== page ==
The good, the bad and the very sad on social media

The good, the bad and the very sad on social media
GoPro video cameras mounted on handlebars and social media have brought the Tour de France race much closer to fans.

It looked like a scene straight out of a movie.

A man is helplessly pinned under a lorry. Strangers rush in, each one doing his part to tilt the heavy vehicle, until the person underneath the vehicle could be dragged out safely.

Except that this did not take place in the cinema, but at the junction of Bendemeer Road and Boon Keng Road.

The ubiquity of the smartphone and the ease in which things can go viral in a small, technology-savvy country means such deeds are more likely to spread.

And that is a good thing - kind acts should be lauded.

Another example: A heavily pregnant woman was in labour and, with her husband, could not find a means of transport to a hospital. Luckily for them, another couple - Mr Syed Zukarnain and his wife - spotted their distress and gave them a lift. The baby was born in the car. "As long as the baby and mother are safe, we are happy. What we can do, we just help," said Mr Syed, 46.

But, like we do for good deeds, we should also be on the lookout for bad ones.

A viral video earlier last week showed a woman allegedly being abused by her daughter outside their Lower Delta Road flat. The latest development? The neighbour might be in on it too.

All this would not have been known to the public were it not for another neighbour who decided to film the act, and push it out to his friends on Facebook.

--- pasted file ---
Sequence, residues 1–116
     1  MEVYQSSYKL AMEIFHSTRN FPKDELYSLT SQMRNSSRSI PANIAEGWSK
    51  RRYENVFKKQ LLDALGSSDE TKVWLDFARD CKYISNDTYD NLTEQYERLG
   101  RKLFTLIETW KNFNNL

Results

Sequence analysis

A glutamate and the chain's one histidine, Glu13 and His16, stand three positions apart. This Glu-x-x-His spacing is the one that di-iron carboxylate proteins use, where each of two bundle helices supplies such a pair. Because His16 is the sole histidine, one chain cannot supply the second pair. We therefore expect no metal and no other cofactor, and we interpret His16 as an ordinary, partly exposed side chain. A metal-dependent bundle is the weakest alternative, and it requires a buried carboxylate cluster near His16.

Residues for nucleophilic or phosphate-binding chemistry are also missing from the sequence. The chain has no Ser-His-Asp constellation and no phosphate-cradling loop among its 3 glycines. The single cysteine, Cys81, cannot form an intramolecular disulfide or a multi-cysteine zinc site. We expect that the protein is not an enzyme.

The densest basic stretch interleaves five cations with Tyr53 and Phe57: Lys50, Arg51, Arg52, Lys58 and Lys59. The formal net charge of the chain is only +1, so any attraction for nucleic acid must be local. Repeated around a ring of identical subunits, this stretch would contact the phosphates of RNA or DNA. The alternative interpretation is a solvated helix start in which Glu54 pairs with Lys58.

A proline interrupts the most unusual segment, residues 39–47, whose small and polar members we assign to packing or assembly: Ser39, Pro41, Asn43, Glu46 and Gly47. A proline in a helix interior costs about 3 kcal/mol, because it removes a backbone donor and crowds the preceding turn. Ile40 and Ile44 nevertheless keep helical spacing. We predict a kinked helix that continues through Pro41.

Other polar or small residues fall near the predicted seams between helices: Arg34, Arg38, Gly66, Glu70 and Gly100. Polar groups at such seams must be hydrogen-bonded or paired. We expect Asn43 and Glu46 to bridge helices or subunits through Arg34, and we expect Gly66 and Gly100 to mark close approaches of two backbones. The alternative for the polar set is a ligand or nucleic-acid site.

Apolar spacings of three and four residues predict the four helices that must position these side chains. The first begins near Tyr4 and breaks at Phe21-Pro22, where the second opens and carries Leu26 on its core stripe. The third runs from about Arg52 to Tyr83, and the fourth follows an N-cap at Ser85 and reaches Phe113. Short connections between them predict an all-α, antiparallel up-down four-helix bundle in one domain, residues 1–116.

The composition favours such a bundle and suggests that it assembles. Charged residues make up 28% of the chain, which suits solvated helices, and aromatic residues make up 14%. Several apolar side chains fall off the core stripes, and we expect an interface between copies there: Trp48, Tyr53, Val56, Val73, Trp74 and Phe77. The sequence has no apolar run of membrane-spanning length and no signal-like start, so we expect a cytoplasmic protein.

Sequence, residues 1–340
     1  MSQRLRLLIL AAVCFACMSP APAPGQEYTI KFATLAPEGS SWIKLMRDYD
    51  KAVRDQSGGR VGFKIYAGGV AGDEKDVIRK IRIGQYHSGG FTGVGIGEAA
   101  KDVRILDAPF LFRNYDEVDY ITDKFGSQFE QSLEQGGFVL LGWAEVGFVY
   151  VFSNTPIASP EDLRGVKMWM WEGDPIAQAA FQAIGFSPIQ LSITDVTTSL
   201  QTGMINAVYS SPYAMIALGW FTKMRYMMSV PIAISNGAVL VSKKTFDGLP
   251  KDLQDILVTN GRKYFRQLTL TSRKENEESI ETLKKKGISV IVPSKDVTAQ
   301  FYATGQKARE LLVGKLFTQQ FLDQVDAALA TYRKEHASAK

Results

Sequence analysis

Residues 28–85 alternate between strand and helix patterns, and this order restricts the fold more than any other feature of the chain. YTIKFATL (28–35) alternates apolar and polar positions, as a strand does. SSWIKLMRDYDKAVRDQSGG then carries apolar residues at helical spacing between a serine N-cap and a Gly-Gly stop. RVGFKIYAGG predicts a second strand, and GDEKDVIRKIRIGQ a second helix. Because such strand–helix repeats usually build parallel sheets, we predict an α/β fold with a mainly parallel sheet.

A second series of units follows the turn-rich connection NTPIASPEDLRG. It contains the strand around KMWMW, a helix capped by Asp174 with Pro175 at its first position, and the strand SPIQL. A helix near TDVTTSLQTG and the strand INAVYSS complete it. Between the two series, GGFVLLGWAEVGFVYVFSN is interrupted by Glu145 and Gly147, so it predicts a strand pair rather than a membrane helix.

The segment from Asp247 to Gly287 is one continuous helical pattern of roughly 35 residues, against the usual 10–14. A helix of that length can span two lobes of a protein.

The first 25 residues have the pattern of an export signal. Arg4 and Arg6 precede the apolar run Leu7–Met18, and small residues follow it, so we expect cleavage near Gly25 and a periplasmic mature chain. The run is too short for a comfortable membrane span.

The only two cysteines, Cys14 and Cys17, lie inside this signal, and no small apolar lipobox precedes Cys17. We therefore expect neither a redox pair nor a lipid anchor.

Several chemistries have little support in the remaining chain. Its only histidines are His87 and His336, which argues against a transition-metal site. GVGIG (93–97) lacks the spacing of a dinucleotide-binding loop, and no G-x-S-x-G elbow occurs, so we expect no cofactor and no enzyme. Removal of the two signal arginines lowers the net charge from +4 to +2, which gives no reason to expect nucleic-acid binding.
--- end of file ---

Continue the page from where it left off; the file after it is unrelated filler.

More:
Hashtags #savethemakcik and #·SAVETHENENEK started trending. The authorities reacted swiftly and investigations are ongoing.

In this day and age, it is clear that identifying foul acts that warrant more attention is just as important as recognising good ones.

And with social media, anyone can do it.

As the Singapore Civil Defence Force, who is on a mission to find the good Samaritans in the lorry incident, said: "You don't have to be in a costume to be a superhero."


Watching one of the most gruelling bicycle races from the comfort of your home? Yes, please. Up-to-the-minute updates from a bustling Twitter account,

GoPro video cameras on handlebars and sneak peeks on Instagram have brought the thrills of the famed circuits to fans, without the cost of a plane ticket.

Highlights include controversial crashes and the legendary Lacets de Montvernier road, which is being used on the route for the first time.


A Facebook post by user Veronica Ridgle, asking others to write the saddest story they can in four words, has been making its rounds the past week.

Her own entry was "Harshly stabbed to death".

The post garnered more than 4,000 responses and was shared more than 14,000 times. Local sites also came up with gems such as "Everybody knock it down", "No place to sit" and "Never win NDP tickets".


Eraser wars, haw flakes, and cards about tanks and planes were just some of the memories shared on Twitter as hashtag #GrowingUpSingaporean trended last week. It first surfaced on the micro-blogging site on July 15 and appears to be a localised spin-off from hashtags like #GrowingUpBlack and #GrowingUpAsian.

Social Media Editor

This article was first published on July 26, 2015.
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